Property owners can opt to join the new district, which was established by the council vote. The final piece of the puzzle, however, is still missing: a deal with a lender whose capital the city would use to finance the program.
Here's some shocking news in a down real estate economy: the green home building market could triple by 2012, or in just three and a half years.
The study that revealed that this part of the market is moving beyond anything expected was released at the National Association of Home Builders (NAHB) Green Building Conference. It was conducted by McGraw-Hill Construction and focused on changes in green building activity between 2001 and 2007.
The green building market is definitely on the rise. For example, it is estimated to comprise between $12 and $20 billion of the entire new construction market, or six to ten percent. By 2012, this amount will double or triple to 12-20 percent, or $40-$70 billion. One surprise the survey showed was that when it comes to building green, quality is now as important as pricing. The choice of green construction is not simply about affordability, it’s about the ways it will impact a home buyers quality of life.
In other words, going green is quickly becoming a "lifestyle" choice as well as a commitment to sustainability.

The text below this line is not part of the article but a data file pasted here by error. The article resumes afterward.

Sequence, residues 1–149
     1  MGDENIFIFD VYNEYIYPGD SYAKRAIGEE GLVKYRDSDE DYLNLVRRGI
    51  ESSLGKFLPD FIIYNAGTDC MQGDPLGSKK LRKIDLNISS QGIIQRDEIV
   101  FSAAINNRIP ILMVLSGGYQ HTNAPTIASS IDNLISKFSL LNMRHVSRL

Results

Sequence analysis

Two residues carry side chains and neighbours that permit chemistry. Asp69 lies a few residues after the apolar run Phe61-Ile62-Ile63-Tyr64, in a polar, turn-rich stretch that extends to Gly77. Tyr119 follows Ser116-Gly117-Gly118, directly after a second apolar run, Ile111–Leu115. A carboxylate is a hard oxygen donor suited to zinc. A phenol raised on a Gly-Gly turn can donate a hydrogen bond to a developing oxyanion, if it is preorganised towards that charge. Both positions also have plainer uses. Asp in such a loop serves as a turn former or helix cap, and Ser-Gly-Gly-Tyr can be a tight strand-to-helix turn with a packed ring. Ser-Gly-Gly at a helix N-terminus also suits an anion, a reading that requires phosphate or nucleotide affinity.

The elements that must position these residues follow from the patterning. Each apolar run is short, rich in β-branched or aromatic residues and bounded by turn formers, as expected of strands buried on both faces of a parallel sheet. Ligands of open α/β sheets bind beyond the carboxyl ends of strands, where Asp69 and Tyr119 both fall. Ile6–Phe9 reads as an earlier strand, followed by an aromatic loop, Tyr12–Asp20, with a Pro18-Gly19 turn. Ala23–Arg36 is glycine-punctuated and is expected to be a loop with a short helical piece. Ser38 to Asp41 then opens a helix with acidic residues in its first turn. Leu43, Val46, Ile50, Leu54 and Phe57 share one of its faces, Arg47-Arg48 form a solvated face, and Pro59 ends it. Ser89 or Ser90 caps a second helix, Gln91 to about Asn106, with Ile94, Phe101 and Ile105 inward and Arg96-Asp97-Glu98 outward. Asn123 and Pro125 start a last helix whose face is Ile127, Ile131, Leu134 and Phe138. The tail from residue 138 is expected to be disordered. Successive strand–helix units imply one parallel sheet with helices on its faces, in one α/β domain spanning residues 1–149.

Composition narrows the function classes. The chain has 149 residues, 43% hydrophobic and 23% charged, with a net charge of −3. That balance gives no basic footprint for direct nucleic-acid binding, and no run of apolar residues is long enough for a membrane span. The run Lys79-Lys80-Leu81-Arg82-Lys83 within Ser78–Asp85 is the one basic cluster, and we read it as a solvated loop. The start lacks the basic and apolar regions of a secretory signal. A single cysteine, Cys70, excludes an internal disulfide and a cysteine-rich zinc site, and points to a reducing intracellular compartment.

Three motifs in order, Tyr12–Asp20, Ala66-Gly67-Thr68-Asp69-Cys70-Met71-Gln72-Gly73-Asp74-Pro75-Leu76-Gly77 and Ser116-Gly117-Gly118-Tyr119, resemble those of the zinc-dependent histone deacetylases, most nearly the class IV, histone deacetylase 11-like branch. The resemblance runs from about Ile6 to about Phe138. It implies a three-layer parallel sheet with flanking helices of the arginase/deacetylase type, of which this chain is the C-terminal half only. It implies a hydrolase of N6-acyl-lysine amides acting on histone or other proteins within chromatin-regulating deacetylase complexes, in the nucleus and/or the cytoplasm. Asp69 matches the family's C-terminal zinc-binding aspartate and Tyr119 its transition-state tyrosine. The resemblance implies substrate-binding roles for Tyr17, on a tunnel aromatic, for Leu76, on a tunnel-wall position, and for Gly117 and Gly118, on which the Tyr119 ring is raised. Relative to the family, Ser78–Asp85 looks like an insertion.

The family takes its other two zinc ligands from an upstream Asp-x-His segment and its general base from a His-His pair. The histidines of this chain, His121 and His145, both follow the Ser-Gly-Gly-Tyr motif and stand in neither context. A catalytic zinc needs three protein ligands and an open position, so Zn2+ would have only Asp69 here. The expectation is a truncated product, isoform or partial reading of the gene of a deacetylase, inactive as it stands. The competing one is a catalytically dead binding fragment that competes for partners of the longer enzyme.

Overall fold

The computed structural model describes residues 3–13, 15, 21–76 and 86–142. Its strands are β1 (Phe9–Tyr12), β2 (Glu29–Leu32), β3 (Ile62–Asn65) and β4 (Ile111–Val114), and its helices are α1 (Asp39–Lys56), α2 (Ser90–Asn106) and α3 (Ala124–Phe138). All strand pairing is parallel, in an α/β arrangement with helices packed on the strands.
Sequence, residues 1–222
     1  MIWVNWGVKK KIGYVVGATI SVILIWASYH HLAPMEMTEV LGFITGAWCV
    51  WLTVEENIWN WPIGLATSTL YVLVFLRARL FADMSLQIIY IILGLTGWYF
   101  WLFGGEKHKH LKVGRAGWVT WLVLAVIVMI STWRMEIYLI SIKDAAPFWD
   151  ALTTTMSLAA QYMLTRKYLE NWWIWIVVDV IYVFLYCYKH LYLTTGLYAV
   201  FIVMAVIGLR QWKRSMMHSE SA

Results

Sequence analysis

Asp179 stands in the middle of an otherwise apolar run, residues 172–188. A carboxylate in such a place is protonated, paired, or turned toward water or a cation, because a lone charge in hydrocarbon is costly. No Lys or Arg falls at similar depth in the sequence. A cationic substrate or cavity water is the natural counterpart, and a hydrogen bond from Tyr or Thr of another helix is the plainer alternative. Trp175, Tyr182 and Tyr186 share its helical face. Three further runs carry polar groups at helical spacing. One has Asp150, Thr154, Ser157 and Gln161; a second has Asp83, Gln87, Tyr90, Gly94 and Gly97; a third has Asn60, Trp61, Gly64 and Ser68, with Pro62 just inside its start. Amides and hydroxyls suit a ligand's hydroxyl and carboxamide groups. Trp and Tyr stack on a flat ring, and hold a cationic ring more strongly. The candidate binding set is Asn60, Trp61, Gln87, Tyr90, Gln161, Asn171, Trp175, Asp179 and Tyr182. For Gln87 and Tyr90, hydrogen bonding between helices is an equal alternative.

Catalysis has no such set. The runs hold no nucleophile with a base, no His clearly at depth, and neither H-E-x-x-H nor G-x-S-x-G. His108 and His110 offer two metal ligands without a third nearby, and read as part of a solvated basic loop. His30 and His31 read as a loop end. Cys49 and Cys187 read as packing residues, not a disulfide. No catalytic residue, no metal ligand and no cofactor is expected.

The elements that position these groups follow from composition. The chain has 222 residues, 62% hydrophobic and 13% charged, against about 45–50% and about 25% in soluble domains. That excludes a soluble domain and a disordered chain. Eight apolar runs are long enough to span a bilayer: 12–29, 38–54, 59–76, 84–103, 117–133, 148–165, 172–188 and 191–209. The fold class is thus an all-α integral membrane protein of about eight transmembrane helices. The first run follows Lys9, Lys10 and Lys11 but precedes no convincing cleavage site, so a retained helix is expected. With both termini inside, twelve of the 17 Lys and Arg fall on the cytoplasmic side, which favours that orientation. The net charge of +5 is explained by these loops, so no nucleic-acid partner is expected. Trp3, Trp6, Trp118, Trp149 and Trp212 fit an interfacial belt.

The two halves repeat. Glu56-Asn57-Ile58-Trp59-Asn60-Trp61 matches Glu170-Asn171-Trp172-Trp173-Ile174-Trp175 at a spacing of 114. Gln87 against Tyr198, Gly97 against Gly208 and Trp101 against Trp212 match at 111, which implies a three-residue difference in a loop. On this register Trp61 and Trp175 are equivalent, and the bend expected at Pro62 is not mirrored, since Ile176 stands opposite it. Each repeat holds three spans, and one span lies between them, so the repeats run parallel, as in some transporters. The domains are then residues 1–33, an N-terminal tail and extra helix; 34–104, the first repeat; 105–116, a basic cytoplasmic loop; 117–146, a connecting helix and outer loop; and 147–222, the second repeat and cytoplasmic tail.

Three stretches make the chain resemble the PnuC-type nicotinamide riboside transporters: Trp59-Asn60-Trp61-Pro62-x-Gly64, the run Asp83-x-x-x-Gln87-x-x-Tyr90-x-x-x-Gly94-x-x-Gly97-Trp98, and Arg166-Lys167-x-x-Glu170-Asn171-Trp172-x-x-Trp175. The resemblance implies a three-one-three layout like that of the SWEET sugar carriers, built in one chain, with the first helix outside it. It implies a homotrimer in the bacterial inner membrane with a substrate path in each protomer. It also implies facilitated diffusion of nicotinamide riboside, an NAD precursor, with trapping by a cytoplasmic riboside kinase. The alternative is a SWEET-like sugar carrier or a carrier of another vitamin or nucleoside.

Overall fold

Mayor, Karl Dean established the Green Ribbon Committee on Environmental Sustainability to ensure Nashville is a “livable city with clean air, clean water, open spaces, transportation infrastructure and an energy use profile necessary to provide a prosperous community for current and future generations.”
To do so, the city is improving energy efficiency throughout current and future buildings, and using eco products to create greener buildings. A vegetated roof using common Sedum species, a succulent plant that is drought-tolerant, is currently underway at the Shelby Bottoms Nature Center. Nashville’s historic courthouse also contains a green roof atop the building’s parking structure. The roofs will provide energy savings as they'll insulate the buildings from solar radiation. The vegetation will also absorb rainwater, saving Nashville’s storm water collection system from energy intensive treatment processing.
Published: September 17, 2008
Members of the American Psychological Association have voted to prohibit consultation in the interrogations of detainees held at Guantánamo Bay, Cuba, or so-called black sites operated by the Central Intelligence Agency overseas, the association said on Wednesday.
The vote, 8,792 to 6,157 in a mail-in balloting concluded Monday, may help to settle a long debate within the profession over the ethics of such work. Psychologists have helped military and C.I.A. interrogators evaluate detainees, plan questioning strategy and judge its psychological costs. The association’s ethics code, while condemning a list of coercive techniques adopted in the Bush administration’s antiterrorism campaign, has allowed some consultation “for national security-related purposes.”
The referendum, first posted on the Internet as a petition in May, prohibits psychologists from working in settings where “persons are held outside of, or in violation of, either International Law (e.g., the U.N. Convention Against Torture and the Geneva Conventions) or the U.S. Constitution, where appropriate,” unless they represent a detainee or an independent third party. The association’s bylaws require that it institute the policy at the next annual meeting, in August 2009.